I remember the first thing that I was told by my platoon sergeant, when I got off the bus and commenced my military training: “Don’t think, soldier! You are not paid to think, that is what officers are paid to do.  You are paid to do as you are told.”  Military training militates against maturity and responsibility.  As a soldier, others make decisions about what you will wear, where you will live, what you will eat, whether you will sleep (or not), how you will behave, and so forth.  Schooling that is based on a militaristic and factory model prevents responsible thinking, the essential prerequisite to maturity.  Growing up requires real opportunities to make significant decisions, with actual consequences.  Schools perpetuate childhood;  particularly in the context of age-segregated cohorts, with age-oriented learning materials.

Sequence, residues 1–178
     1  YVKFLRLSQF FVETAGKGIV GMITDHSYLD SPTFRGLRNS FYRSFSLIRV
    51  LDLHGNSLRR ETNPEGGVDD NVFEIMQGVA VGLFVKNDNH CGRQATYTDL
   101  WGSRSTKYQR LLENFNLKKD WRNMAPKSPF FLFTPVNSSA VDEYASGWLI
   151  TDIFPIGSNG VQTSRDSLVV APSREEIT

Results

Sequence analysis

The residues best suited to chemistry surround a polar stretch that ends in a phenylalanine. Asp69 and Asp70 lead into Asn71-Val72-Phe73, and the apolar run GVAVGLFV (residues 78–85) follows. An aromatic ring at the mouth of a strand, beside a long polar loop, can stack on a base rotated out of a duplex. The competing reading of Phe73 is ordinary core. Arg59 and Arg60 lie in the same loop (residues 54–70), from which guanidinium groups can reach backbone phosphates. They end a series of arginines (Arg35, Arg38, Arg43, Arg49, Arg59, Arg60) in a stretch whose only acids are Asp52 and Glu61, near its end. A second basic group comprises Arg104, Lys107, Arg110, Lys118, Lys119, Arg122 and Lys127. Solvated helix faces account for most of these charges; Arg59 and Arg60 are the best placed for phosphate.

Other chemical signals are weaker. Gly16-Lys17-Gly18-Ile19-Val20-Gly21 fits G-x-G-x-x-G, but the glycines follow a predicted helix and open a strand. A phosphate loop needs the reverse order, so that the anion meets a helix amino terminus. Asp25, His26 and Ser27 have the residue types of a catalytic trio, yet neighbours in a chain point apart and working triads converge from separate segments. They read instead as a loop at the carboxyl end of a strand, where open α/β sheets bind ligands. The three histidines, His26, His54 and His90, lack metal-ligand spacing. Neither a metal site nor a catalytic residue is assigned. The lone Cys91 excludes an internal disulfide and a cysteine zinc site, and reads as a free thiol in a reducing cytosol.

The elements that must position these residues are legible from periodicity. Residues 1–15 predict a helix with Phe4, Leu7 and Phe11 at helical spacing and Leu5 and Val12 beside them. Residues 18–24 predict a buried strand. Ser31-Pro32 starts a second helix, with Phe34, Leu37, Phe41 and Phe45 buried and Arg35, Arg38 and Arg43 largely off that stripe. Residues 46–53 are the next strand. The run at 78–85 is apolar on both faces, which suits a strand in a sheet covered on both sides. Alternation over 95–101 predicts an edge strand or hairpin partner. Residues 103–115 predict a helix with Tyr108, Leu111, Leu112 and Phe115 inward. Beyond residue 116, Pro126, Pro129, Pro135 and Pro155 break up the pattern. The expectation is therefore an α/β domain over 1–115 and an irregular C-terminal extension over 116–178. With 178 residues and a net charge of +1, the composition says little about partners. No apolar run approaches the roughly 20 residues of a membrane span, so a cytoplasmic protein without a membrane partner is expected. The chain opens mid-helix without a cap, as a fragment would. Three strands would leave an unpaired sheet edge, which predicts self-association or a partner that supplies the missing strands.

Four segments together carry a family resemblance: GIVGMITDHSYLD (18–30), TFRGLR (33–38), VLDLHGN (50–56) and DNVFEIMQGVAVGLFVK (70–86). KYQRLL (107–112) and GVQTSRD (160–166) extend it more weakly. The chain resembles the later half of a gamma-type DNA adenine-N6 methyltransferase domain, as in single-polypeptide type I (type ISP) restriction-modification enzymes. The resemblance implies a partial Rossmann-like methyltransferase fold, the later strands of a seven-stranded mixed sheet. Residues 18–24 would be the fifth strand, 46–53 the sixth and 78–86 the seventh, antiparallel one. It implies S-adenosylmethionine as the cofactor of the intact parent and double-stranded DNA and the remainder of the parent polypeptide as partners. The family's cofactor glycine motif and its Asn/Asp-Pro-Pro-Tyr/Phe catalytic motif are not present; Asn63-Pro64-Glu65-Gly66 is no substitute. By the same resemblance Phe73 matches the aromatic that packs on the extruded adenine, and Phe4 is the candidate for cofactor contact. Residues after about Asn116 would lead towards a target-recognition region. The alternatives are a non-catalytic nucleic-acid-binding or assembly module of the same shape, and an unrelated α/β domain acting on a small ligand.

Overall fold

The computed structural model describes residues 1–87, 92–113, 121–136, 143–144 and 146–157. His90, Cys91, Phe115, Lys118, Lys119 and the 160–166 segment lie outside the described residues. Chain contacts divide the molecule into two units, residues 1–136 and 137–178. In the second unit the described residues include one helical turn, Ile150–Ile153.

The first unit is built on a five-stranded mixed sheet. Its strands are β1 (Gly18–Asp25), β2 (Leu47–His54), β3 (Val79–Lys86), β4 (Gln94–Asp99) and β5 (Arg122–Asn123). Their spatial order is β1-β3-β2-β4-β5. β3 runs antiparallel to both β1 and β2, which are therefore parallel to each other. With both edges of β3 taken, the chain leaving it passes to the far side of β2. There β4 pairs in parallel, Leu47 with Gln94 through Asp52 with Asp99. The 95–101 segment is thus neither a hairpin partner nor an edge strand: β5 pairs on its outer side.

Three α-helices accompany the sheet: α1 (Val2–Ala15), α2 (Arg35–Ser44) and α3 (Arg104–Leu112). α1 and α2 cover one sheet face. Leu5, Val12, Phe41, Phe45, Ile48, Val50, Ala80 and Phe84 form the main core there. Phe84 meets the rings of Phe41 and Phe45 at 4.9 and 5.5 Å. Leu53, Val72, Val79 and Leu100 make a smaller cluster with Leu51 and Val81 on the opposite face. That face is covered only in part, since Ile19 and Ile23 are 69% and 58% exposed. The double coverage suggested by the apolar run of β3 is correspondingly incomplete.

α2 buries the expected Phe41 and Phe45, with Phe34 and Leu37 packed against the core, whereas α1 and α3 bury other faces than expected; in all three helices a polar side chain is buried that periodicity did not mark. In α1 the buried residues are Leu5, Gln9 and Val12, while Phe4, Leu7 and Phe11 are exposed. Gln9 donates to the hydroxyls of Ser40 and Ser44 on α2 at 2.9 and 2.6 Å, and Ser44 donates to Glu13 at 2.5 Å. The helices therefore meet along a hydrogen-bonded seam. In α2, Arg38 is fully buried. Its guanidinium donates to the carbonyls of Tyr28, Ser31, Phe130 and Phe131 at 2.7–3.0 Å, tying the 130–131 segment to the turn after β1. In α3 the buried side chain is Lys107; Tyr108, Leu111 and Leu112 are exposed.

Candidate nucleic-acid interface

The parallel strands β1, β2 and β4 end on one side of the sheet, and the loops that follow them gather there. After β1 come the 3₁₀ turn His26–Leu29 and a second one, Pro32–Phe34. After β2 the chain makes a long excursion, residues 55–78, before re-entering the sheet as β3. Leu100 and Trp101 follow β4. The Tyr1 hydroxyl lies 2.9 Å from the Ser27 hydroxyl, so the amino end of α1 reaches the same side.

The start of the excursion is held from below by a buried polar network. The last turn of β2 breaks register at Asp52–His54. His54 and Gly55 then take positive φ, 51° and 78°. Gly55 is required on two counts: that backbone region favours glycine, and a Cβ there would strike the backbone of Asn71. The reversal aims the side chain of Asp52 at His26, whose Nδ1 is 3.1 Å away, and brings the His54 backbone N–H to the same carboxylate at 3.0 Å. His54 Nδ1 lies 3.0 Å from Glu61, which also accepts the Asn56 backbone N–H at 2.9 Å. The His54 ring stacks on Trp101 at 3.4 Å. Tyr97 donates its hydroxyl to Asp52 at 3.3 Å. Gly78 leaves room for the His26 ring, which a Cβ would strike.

Education for maturity, education for responsibility and productivity in life requires education in life under the guidance of loving parents, and in the company of supportive siblings.  True education orients a child to the twin objectives: to love God with all your heart, soul, strength and mind, and to love your neighbour as yourself.  This cannot be achieved in the context of a school, and is not the by-product of schooling; it is the fruit of unschooling with a discipleship emphasis.

 

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Socialization

Is it true that kids can only be socialized in a school environment?

Now, this is a question that can be very frustrating, because the answer is both yes and no.  It all depends upon what is meant by the word ‘socialize’.

One of my research respondents said, “The definition of socialization is essential in understanding this question.”  And they were dead right.  How we define the process of socialization will determine where and how the socialization process needs to take place.